Enzymatic Conversion of Steviol Glycosides
From leaves of Stevia rebaudiunu (Compositae), several sweet glycosides of steviol (= 13-hydroxy-entkaur-16(17)-en-19-oic acid) have been isolated. Among all these glycosides, Stevioside and Rebaudioside A received most of the attention so far.
The older breeds of Stevia plants contained higher proportion of Stevioside and Rebaudioside A was a minor component of the total glycosides. But, it was fond that Rebaudioside A has a more acceptable taste profile than the then predominant Stevioside. In the early years of adoption of steviol glycosides as sweeteners, the major glycoside, stevioside was used as a sweetener for seasonings, pickles and salted foods. Rebaudioside A was mainly used in more demanding applications like beverages as it has comparatively less aftertaste.
Structure of Steviol Glycosides
For Steviol R1 = R2 = H
Quality of taste - Stevioside= 0, +ve better, -ve worse
Abbreviation of sugar units: Glc : b-D-glucoside, , Rha : a-l-rhamoside
In different sensory studies, Stevioside was found to be between 110 and 270 times sweeter than sucrose, rebaudioside A between 150 and 320, and rebaudioside C between 40 and 60. Dulcoside A was 30 times sweeter than sucrose. Rebaudioside A was the least astringent, the least bitter, had the least persistent aftertaste and was judged to have the most favourable sensory attributes of the four major steviol glycosides.
Stevioside tastes somewhat bitter, and show aftertaste. In order to improve of sweetness, modifications of sugar moieties of both the glycosides were conducted by enzymatic transglucosylation.
Cyclomaltodextrin-glucanotransferase (CGTase) efficiently catalyzes intermolecular glycosylation to transfer a-glucosyl units from starch to 4-OH of a glucosyl moiety (trans-a-l,4-glucosylation). CGTase (EC 184.108.40.206) produced by mesophilic, thermophilic, alkaliphilic, and halophilic bacilli were used for transglycosylating stevioside and rebaudiosides A with the use of starch or cyclo-dextrine as donor. CGTases produced by Bacillus stearothermophilus B-5076 B. macerans BIO-4m were the most effective biocatalysts. Optimum temperature and pH of these enzymes were 45°C and pH 6.5–7.5, respectively. The optimum stevioside-to-Cyclodextrine ratio and total concentration of dry matter for the synthesis of the best-tasting product were 1 : 1 (w/w) and 11.6%, respectivelyThis method can be used successfully for direct transglycosylation of Stevia extract without purification of its individual components.
Stevioside, when treated with CGTase, yields a complex mixture of products which were mono-, di-, tri and more glucosylated both at the 19-O-glucosyl unit and the terminal glucosyl unit of the 13-O-sophorosyl moiety.
Significant improvement in quality of taste was observed for most of the glucosylated products, especially for Sla and S2a which were mono- and di-glucosylated at the 13-O-sophorosyl moiety, respectively. Remarkable enhancement of intensity of sweetness was also observed for both the products, while glucosylation at the 19-0-glucosyl moiety resulted in decrease of intensity of sweetness.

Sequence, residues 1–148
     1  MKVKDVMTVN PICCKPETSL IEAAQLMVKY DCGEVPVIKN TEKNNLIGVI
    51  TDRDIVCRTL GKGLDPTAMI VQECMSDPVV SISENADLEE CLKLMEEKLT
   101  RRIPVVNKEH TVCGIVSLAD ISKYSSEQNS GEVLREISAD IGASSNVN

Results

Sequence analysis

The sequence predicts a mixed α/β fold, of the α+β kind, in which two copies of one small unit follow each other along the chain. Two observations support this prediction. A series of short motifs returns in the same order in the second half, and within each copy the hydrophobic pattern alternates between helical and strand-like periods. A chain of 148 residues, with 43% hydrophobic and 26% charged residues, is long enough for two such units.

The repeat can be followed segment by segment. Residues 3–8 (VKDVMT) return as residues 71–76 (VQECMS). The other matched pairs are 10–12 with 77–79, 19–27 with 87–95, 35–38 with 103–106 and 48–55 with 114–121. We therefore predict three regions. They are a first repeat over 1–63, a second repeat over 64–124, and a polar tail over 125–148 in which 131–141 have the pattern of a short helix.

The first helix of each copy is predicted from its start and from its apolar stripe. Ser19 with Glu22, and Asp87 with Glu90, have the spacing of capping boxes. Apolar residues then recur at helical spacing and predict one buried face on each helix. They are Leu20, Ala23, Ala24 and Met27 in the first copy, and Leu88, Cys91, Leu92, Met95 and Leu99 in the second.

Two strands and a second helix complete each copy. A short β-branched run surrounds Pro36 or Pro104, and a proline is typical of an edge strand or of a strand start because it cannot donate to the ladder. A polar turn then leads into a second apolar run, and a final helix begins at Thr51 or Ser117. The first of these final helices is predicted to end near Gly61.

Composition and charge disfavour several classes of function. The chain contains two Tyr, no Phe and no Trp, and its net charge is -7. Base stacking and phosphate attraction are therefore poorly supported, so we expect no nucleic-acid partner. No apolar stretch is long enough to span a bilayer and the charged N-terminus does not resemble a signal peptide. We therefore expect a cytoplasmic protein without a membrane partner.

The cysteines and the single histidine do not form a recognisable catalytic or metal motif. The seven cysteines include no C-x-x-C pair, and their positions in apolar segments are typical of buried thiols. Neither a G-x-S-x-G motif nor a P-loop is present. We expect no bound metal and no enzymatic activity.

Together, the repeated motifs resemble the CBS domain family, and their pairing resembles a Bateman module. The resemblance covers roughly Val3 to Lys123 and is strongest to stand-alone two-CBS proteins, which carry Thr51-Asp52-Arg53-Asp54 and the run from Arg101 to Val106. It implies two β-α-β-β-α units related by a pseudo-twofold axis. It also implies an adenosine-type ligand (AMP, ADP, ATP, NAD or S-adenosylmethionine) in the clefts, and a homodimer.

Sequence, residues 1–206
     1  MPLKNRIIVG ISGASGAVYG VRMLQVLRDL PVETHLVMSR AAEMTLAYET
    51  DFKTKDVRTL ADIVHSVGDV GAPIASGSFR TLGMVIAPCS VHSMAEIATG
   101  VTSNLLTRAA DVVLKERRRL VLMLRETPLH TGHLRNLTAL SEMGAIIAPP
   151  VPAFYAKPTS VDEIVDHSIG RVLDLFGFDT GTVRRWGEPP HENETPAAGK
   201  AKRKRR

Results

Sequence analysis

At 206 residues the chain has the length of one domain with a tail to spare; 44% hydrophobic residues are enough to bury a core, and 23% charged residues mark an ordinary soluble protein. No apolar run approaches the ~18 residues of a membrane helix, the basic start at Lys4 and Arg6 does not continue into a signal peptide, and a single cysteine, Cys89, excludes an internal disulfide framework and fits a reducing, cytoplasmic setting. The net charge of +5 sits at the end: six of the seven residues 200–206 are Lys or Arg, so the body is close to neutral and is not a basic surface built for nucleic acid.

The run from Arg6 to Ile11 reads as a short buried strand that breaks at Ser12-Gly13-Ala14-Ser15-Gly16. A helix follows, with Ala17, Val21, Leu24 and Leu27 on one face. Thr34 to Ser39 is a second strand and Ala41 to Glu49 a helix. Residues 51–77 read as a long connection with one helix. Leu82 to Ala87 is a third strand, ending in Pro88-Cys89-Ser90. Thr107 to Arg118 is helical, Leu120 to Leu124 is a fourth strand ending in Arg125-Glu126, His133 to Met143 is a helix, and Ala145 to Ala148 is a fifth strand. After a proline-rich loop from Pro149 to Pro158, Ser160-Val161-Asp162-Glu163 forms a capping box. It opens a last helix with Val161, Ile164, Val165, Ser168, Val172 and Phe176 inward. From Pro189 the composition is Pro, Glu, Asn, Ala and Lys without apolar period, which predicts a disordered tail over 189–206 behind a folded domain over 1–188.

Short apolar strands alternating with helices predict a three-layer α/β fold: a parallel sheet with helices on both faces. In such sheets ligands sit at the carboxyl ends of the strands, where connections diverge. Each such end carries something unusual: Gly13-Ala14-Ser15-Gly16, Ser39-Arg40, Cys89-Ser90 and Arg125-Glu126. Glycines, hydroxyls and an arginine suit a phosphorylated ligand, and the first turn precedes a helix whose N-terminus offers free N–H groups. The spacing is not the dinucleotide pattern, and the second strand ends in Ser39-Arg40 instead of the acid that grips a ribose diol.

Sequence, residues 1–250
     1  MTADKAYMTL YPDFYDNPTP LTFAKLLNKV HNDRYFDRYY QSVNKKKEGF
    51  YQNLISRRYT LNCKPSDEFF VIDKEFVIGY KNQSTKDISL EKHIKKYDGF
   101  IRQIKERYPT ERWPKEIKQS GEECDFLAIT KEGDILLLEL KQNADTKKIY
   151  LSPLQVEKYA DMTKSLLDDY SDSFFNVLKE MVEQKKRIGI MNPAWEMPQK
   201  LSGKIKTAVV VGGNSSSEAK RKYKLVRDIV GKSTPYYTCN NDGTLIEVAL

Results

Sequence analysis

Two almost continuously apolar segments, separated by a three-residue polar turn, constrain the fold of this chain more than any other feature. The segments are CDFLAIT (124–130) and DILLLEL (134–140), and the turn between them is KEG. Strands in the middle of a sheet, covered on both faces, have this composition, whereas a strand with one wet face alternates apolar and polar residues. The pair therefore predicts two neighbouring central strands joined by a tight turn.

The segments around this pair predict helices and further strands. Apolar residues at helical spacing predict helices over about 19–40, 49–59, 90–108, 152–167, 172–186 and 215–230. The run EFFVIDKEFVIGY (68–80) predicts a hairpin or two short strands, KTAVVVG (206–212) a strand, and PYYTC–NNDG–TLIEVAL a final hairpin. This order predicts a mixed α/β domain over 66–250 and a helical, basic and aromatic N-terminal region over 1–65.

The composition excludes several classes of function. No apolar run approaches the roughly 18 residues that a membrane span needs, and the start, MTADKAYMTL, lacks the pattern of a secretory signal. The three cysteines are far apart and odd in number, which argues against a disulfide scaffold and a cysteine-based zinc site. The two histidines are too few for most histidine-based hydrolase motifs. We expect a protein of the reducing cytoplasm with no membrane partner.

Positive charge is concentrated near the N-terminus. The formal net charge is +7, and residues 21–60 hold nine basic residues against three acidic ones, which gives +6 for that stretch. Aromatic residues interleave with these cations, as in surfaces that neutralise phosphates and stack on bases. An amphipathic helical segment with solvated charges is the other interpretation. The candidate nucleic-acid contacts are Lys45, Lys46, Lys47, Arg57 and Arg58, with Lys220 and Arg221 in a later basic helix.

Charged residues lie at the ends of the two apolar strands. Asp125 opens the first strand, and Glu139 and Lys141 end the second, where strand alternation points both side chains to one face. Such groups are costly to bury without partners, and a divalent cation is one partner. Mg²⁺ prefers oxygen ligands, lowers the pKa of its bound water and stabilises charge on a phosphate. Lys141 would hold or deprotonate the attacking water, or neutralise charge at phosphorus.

Products Sla, S2a and S2c were also obtained from stevioside by pullulan and crude pullulanase from Klebsiella sp though yields were rather low. Transglucosylation of stevioside by Pullulanase and pullulan exclusively afforded three products, 13-O-[b-maltotriosyl-(1----2)-b-D-glucosyl]-19-O-b-D-glucosyl- steviol (1), 13-O-[b-maltosyl-(1----2)-b-D-glucosyl]-19-O-b-D-glucosyl- steviol (2) and 13-O-b-sophorosyl-19-O-b-maltotriosyl-steviol (3). All of these products have already been obtained by trans-alpha-1,4-glucosylation of stevioside by the cyclodextrin glucanotransferase starch system, and 1 and 2 have been proven to be tasty and potent sweeteners.
Transglucosylation of stevioside by a amylase from Aspergillus niger and maltose afforded three new products, viz. 13-O-b-sophorosyl-19-O-b-isomaltosyl-steviol (4), 13-O-[b-isomaltosyl(1----2)-b -D-glucosyl]-19-O-b-D-glucosyl- steviol (5) and 13-O-[b-nigerosyl-(1----2)-b-D-glucosyl]-19-O-b-D- glucosyl-steviol (6). A significantly high quality of taste was evaluated for 4.
The enzyme system from Streptomyces sp. W19-1 forms several kinds of transfer products when incubated in the presence of both stevioside (ST) and curdlan. Three of the major were separated and purified and found to be (1) 13-O-b-sophorosyl-19-O-b-laminaribiosyl steviol; (2) 13-O-b-glucosylsophorosyl-19-O-b-glucosyl steviol, and (3) 13-O-b-sophorosyl-19-O-b-laminaritriosyl steviol.
Treatment of stevioside by l3-glucan and an enzyme from Streptomyces sp. DIC-108 yielded rebaudioside A, the better sweetener.
An Actinomycete strain K- 128 isolated from soil was cultured in a medium containing stevioside and curdlan to give a trans-p-1,6-glucosylated product, 13-[p-glucosyl-( 1-6)-p-glucosyl-( 1-2)-p-glucosyl]- 19-0-p-glucosyl-steviol.
Incubation of stevioside with sucrose and p-fructofuranosidase from Arthrobactor sp. K- 1 afforded a product trans-O-2,6-fructofuranosylated at the 19-0-glucosyl moiety in a high yield. Relative intensity of sweetness was not enhanced, however, significant improvement of quality of taste was observed for both the compounds. It is noteworthy that the fructofuranosyl linkage is rather unstable, being hydrolyzed on standing in foods.